There is a noticeable absence of posts on my blog as of late. For the past 3 weeks or so, my family and I have been in transition between Canada and the United States. Anyone who has moved can attest, anyone who has moved across borders can sympathize, and anyone who has done that with small children should thank their lucky stars for not having to go through that yet one more time. It is beyond stressful, but we make life-changing decisions such as these in hopes that it will somehow benefit the future of our family.
As is the story of Claudia. Born and raised in Argentina, she met her husband Massimiliano about ten years ago. They fell in love, got married and had two beautiful children.
At a certain point in their journey, they decided that they would move to Italy, a place where Massimiliano had done most of his growing up. Like anyone could imagine, moving across an ocean isn’t the easiest of tasks. However, we do what we do for what we think will be best for our children, for the future of the family, as we have done with ours.
Claudia and Massimiliano and their children now live just across the way from my in-laws in Lago Maggiore in north Italy. Massimiliano having been childhood friends with my husband Massimo, it was only natural that a friendship would be born between Claudia and I.
We have just concluded a two week visit to Italy where we celebrated the marriage of our dear friends and spent time visiting friends and family. I had the opportunity to skip on over to Claudia’s home to witness her making Macarons.
Often called “macaroons“, the original name is French and actually called Macarons. But as the recipe made its way to the U.K., the name slowly began to evolve, and that’s how we now have the name Macaroons. As Claudia explained to me, her first attempt at making them was not the easiest of tasks. However, the recipe is certainly simplified with each time it is prepared.
A native English speaker trying to understand a native Spanish speaker explain a recipe in Italian proved to be a more challenging task😂.
There are many variations of the recipe for Macarons, but I give you Claudia’s personal preference, Macarons with lemon cream filling.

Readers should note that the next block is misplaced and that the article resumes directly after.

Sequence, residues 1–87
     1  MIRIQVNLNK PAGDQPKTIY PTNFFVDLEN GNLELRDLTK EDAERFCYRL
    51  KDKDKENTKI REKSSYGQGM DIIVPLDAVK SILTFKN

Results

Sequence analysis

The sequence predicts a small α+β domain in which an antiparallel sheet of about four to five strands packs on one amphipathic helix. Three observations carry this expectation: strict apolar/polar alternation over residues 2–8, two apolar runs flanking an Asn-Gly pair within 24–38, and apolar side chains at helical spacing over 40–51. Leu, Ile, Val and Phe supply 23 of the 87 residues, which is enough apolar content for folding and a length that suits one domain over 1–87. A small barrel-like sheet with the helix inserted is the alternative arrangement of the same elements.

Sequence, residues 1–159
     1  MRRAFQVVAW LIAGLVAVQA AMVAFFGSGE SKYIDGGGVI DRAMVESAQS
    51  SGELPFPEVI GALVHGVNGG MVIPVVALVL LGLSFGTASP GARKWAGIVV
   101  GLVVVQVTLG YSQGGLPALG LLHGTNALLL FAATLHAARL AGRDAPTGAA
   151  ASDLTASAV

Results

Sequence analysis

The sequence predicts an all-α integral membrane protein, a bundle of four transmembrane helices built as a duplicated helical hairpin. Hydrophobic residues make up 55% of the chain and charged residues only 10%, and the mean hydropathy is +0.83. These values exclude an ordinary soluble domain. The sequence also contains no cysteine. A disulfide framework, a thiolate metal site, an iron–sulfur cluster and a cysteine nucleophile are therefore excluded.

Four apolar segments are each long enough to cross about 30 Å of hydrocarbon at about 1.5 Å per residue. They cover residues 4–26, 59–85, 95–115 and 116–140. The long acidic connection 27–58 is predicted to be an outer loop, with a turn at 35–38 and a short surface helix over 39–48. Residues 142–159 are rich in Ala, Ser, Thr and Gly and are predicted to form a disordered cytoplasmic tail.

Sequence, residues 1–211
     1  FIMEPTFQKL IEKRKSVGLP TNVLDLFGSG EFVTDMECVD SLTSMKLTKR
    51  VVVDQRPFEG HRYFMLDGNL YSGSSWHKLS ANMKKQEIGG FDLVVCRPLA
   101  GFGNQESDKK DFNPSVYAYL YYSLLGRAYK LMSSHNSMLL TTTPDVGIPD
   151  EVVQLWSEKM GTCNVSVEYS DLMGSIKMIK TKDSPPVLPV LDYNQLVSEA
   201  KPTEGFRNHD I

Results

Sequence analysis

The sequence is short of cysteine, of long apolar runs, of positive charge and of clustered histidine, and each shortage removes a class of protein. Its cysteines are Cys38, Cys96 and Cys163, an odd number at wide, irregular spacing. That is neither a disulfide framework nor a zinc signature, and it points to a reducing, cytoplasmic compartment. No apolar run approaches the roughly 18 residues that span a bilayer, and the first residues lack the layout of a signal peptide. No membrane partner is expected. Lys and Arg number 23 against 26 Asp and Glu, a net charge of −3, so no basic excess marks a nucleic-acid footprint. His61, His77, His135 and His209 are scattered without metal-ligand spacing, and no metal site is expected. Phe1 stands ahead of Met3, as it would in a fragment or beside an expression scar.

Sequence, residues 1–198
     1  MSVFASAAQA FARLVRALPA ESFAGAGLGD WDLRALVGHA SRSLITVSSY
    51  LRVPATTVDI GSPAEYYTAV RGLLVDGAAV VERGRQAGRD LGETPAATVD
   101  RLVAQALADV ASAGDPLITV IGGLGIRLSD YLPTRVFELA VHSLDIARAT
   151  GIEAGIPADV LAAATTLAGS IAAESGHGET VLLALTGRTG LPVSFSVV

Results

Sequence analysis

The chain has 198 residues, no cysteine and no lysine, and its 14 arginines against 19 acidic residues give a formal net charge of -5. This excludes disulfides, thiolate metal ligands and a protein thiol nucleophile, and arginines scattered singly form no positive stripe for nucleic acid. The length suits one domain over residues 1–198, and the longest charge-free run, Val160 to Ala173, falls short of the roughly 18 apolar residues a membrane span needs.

1 cup confectioners’ sugar
1 cup almond flour
3 egg whites
1 cup superfine sugar
2 cup milk
1 lemon peel
1/2 cup lemon juice
4 egg yolks
2 cups sugar
1.4 oz corn starch
1. Sift confectioners’ sugar and almond flour in a large bowl.
2. Beat egg whites until frothy and then gradually add the superfine sugar to it and continue to beat until stiff and shiny, about 5 more minutes.
3. Transfer the beaten egg whites to bowl with the almond flour mixture and with a rubber spatula, fold the mixture until fully incorporated. This process is called macaronage.
4. Add the food coloring and continue to fold mixture.
5. Transfer the mixture to a pastry bag fitted with a 1/4 inch round tip.
6. Pipe 1 1/4 inch circles onto a silicone mat, place on baking sheet.
7. Gently tap baking sheet in order to release any air bubbles.
8. Preheat oven at 300 degrees.
9. Let the cookies sit at room temperature for 20-30 minutes.
10. Bake for about 15 minutes, or until the cookies rise to 1/8 thickness.
Lemon Cream Filling
1. Heat milk over low heat and add lemon peel.
2. In a bowl, mix cornstarch and sugar and slowly add egg yolks.
3. Once milk is hot, remove lemon peel.
4. Whisk in milk with other mixture and then heat again, mixing constantly.
5. Remove from heat, let cool and add lemon juice.
6. Put cream in a bowl and cover with plastic wrap, allowing the plastic to touch the cream, so as not to allow a crust to form.